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Neither A Borrower Nor A Lender Be

Essay No. 88: 

Outline:

  • Does the expression suggest that this is poetry? Yes.
  • Is it actually wrong to lend to a friend in need?
  • Why should not one borrow, if sincerely meaning to repay?
  • While there seems no reason against, yet in practice, it is very often abused.

Neither A Borrower Nor A Lender Be: There is a rhythm about the words and the manner in which the verb “be” is placed at the end suggests that this is a line of verse. This is true, and this well-known proverb is spoken by an old man called Polonius, in Shakespeare’s play, Hamlet, when his son is going away to a foreign country.

It expresses wisdom which has long been proved in the history of mankind, for without being able to say that it is a wrong act, one is rather ashamed to borrow and one does not like, as a rule, to be asked for a loan of money. Why should this be? If one is in temporary difficulty, surely a friend will be only too glad to give some help by a temporary loan, which will be returned, and which will cost him nothing.

On the other hand, if a friend is in trouble, will we not all be glad to lend him a few rupees? Surely the proverb shows the sharp wisdom of the money-making man! In theory, this is true; but in practice, it works out otherwise. It is seldom a true friend in temporary difficulty who wants to borrow, but a slight acquaintance who is improvident and wasteful.

The borrower is too often one who makes a constant practice of borrowing money from everybody who can be induced to lend, and who, as rule, does not return it It happens sometimes that a friend does borrow from us.

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It is the first time that he has done so, and he means to return the loan. But the time comes when it becomes due, and he is not able to repay me money. Without meaning it, he gradually in course of time, is actually ashamed to meet him. Thus, as Shakespeare goes on to say, the lender loses not only his money but also his friend.

There are indeed instances where one friend obliges another with a loan, but there are far more in which a borrower is a person with no great Sense of responsibility or of honesty, who makes no effort to repay, but Indeed tries to borrow more. Thus, except in most exceptional circumstances, it is better to keep the rule stated by the insect of the poem. The Ant and the Cricket, We ants never borrow, we ants never lend.”

“Neither A Borrower Nor A Lender Be”

(OR)

“Neither A Borrower Nor A Lender Be”

The proverb brings home to the reader that he should avoid either being a borrower or a lender. Both the positions are detrimental to maintain human relationship. Where money is involved there the human relationship is bound to suffer. Once an individual borrows money to meet the emergency from any source, he exposes himself to grave financial hazards.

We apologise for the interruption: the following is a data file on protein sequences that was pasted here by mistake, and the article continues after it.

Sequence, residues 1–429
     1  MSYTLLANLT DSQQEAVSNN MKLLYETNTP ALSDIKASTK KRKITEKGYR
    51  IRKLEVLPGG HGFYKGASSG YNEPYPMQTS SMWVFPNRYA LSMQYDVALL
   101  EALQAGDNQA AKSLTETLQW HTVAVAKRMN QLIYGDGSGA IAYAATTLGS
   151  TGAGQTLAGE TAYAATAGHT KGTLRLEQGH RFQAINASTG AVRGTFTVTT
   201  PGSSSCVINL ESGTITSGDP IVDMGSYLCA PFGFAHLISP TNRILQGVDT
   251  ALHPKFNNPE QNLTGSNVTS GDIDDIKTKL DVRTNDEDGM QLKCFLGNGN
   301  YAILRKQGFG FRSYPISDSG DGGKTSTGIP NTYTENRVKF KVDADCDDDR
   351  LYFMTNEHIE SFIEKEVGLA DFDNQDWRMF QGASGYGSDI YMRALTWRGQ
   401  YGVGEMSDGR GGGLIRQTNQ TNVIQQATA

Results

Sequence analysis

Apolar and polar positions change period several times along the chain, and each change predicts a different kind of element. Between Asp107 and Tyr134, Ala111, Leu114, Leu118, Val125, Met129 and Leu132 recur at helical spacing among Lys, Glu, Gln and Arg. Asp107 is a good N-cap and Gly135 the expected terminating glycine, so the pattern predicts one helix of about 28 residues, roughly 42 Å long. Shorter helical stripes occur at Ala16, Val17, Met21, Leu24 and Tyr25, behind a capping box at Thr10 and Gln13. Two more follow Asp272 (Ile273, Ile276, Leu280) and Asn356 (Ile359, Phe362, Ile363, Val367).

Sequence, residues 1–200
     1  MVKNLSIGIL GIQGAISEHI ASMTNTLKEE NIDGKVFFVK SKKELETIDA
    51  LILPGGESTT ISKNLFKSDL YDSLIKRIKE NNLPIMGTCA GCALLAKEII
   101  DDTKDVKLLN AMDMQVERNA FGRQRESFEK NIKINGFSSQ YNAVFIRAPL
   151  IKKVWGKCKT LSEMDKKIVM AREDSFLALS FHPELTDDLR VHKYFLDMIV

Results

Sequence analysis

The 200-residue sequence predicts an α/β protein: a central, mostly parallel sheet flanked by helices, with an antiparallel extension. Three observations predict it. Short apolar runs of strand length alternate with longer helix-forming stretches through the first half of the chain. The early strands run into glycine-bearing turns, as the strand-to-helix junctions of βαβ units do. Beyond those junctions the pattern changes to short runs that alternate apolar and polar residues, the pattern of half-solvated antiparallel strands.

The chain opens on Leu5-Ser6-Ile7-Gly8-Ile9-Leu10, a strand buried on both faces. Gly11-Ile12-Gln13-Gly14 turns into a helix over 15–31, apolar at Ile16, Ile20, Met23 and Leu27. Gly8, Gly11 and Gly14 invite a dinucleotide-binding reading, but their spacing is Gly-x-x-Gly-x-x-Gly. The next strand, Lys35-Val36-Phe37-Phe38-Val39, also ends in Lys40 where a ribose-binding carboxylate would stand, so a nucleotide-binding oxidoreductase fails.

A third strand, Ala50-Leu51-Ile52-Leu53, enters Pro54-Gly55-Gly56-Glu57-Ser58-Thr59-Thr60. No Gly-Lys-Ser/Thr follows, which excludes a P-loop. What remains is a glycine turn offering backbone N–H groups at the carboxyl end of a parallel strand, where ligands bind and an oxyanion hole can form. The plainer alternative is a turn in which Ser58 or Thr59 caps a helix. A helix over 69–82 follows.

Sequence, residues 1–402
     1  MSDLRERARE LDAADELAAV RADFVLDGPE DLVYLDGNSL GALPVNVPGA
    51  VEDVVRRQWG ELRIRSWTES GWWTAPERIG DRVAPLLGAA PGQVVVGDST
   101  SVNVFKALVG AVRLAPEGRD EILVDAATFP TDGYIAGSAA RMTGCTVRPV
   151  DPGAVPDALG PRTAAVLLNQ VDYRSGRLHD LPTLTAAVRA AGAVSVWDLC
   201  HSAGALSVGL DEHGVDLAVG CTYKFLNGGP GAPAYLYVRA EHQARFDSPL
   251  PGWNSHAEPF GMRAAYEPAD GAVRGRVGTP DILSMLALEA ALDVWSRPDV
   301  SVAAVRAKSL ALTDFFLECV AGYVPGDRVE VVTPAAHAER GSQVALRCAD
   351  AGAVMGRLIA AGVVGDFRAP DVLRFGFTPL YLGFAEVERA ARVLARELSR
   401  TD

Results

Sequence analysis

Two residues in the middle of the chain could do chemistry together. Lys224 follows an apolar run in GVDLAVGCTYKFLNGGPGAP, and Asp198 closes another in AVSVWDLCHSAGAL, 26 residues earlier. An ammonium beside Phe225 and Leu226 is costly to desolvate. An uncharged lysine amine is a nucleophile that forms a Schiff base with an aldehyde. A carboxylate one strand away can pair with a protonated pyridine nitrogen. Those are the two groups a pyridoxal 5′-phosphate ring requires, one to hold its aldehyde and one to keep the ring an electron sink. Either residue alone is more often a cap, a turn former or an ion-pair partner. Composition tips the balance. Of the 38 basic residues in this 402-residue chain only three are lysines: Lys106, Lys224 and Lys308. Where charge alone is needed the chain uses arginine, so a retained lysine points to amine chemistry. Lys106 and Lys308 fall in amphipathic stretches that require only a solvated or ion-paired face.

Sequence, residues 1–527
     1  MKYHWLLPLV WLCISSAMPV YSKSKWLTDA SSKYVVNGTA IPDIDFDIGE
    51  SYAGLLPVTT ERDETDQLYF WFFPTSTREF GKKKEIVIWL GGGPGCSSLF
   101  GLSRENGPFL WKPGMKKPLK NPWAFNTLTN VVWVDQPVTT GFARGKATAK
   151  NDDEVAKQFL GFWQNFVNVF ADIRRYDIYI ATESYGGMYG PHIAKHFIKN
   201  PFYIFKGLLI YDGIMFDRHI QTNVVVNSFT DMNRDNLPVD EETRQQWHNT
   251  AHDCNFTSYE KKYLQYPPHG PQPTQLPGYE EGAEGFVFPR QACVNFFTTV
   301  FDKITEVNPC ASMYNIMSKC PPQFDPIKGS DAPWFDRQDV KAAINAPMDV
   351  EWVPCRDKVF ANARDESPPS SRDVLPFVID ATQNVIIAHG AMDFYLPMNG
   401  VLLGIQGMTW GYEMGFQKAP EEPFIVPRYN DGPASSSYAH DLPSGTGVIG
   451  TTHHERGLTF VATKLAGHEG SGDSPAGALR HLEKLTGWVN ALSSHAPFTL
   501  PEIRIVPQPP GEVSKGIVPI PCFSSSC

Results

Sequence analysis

If for one reason or the other, he is unable to pay back the loan, by the promised date, it would embarrass his position in the eyes of the lender. Similarly, poor Third World countries including Pakistan that borrow loans from international financial institutions or from private international sources, weaken their position when they cannot return the loans.

They seek moratorium on the debt, which act further lowers down their credibility at the international level. The tragedy of the time is that their debt compounds cumulatively and a greater proportion of aid they receive, is consumed to retire the debt. They are caught up in a vicious circle which keeps them within its tight grip.

A borrowing country thus comes to lose self-respect and renders itself as an instrument in the hands of lenders to be exploited as and when emergency arises. Pakistan being a borrower, has often to meet the demands of the IMF by the way of withdrawing subsidies, raising the tariff and imposing value-added tax to realize revenues to meet the budget deficit.

These measures have the effect of increasing inflation in the country. The end result is that poor people have to suffer endlessly. A borrower has got no option except to blindly accept the dictation of the lender. It equally applies to a lender. Where money is involved, it can cause conflicts among family members and friends. Hence if we wish human relationship to grow and run smoothly, money must be kept out of it.

The piece of advice that the proverb gives is that one should neither be a borrow nor a lender. One should try to stand on one’s feet independently to minimize one’s dependence on others. Borrowing implies financial dependency, while lending is a sign of helping someone financially. Both the aspects have dark effects, which must be avoided as far as possible in life.

“Neither A Borrower Nor A Lender Be”

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